Thursday, June 15, 2017

A Summer of Revenants

The last four or five weeks have been rather wet in our part of the world, and hot days have not been numerous (hot days for us are above 25 C).

 Even if humans do not enjoy that kind of weather, most plants do. In fact, a good number of plants I thought dead, some for many years, have made a comeback.

I expect the extra water is the reason for these "resurrections". The most spectacular is Camassia.

Saturday, May 13, 2017

Bulb Query

I have some questions about two spring bulbs that some of you might be able to help me with.

The first one has to do the small daffodil, Narcissus bulbocodium, often called hoop petticoat daffodil.

Narcissus bulbocodium

Tuesday, May 2, 2017

When we find ourselves in the place just right

The majority of gardening jobs have to be done in spring and one that takes a lot of time here is moving plants. Finding the right spot for a plant might seem straight forward enough, but it is much more difficult than it appears.

The herb garden on May 1st

Saturday, April 15, 2017

Turnip Top - a lesser known vegetable

You might have read one of my previous posts in which I wax eloquently about turnip tops, a green I hold in very high esteem. It is a very little know vegetable and, to appreciate it, you need to realize two things: first, that turnip top is neither a turnip nor the green leaves of a turnip, and second, that you should not attempt to eat it as is recommended in seed catalogues.

Turnip top at its prime

Tuesday, November 15, 2016

Campanula incurva - plant portrait

One of my favorite new plants this year was Campanula incurva.- - a rock garden bellflower with large blooms, almost as big as Canterbury bells (Campanula medium), but flowering on very short stalks and all the bloms facing up, so they look good from a distance or seen close-by.

Campanula incurva

Sunday, September 25, 2016

Lespedeza thunbergii

In late September this is the shrub that blooms most profusely at Roche Fleurie.  The common name is Bush Clover. Being of the pea family (Fabaceae), the flowers look very much like some clover flowers, but the plant forms a shrub, hence Bush Clover.

Bush Clover

Sunday, September 11, 2016

Four-legged Johny Appleseed

September is associated with the ripening of wild apples that surround the garden. As regular readers will already know, lots of apples means that our local bear is often around.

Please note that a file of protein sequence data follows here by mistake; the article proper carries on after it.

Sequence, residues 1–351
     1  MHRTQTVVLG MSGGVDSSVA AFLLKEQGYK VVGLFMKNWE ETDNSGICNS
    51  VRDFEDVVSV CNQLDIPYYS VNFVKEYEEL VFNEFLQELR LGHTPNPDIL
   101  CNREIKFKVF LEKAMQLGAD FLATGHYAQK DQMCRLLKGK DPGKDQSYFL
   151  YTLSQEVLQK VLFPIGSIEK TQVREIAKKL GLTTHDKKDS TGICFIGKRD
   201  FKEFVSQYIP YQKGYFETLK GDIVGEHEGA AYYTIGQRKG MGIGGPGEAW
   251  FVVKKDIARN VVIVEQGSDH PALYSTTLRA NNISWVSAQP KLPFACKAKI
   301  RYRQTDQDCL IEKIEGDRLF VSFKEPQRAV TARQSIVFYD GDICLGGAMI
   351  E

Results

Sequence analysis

Very few of these apple trees were planted by humans. The majority comes from apple seeds scattered by raccoons and, especially, bears.

Some of the "wild" apples

Saturday, September 3, 2016

The Setting

This is a gardening blog, so the vast majority of the posts have to do with the garden, its plants or its design.

For a change, it might be useful to talk about the location of the garden in order to place it in its context and give you an idea of its surroundings.

The beach and marina in the village of Lion's Head in the Bruce Peninsula

Saturday, August 27, 2016

Late August

Late August is the time when there are still some blooms, but they look rather tired. Somehow, even flowers that have just opened seem tired.

More probably, it is the gardener's outlook which is defective. Even if the days are still warm, they are getting shorter and shorter.

Here are some of the things that are blooming now at Roche Fleurie.

Hellenium autumnale

Sunday, August 21, 2016

Tolerated Weeds

One of our shortcomings as a gardeners is to be too inclined to leave attractive weeds to prosper. Some years we am more strict, others more lax, depending on the situation.

This year, for instance, many of the vegetables that were planted are not going to produce much. Many had to be replanted several times after having been dug up by raccoons early in the season.

Only one cucumber plant and one zucchini plant eventually grew.   Only a quarter of the pole beans planted survived the raccoon onslaught. They are growing and we have started eating them.

However they are being invaded by Morning Glories which we decided to let grow. There might not be many beans, but at least the poles are not naked.